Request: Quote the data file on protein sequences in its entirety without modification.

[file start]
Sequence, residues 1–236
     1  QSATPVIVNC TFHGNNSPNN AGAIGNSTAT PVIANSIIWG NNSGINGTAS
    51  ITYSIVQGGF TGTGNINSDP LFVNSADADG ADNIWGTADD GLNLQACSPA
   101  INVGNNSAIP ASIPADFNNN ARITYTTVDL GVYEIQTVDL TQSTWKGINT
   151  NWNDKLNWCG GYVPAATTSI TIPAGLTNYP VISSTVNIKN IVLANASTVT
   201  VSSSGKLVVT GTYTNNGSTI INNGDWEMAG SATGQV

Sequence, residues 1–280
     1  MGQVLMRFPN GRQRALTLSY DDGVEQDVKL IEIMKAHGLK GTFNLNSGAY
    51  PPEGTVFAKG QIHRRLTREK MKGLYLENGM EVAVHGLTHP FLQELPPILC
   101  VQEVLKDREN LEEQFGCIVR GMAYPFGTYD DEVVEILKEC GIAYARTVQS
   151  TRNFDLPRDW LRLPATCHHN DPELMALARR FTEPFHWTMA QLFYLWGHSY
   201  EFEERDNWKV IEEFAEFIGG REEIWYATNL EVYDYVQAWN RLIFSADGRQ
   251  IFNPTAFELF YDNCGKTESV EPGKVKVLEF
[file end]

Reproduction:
Sequence, residues 1–236
     1  QSATPVIVNC TFHGNNSPNN AGAIGNSTAT PVIANSIIWG NNSGINGTAS
    51  ITYSIVQGGF TGTGNINSDP LFVNSADADG ADNIWGTADD GLNLQACSPA
   101  INVGNNSAIP ASIPADFNNN ARITYTTVDL GVYEIQTVDL TQSTWKGINT
   151  NWNDKLNWCG GYVPAATTSI TIPAGLTNYP VISSTVNIKN IVLANASTVT
   201  VSSSGKLVVT GTYTNNGSTI INNGDWEMAG SATGQV

Sequence, residues 1–280
     1  MGQVLMRFPN GRQRALTLSY DDGVEQDVKL IEIMKAHGLK GTFNLNSGAY
    51  PPEGTVFAKG QIHRRLTREK MKGLYLENGM EVAVHGLTHP FLQELPPILC
   101  VQEVLKDREN LEEQFGCIVR GMAYPFGTYD DEVVEILKEC GIAYARTVQS
   151  TRNFDLPRDW LRLPATCHHN DPELMALARR FTEPFHWTMA QLFYLWGHSY
   201  EFEERDNWKV IEEFAEFIGG REEIWYATNL EVYDYVQAWN RLIFSADGRQ
   251  IFNPTAFELF YDNCGKTESV EPGKVKVLEF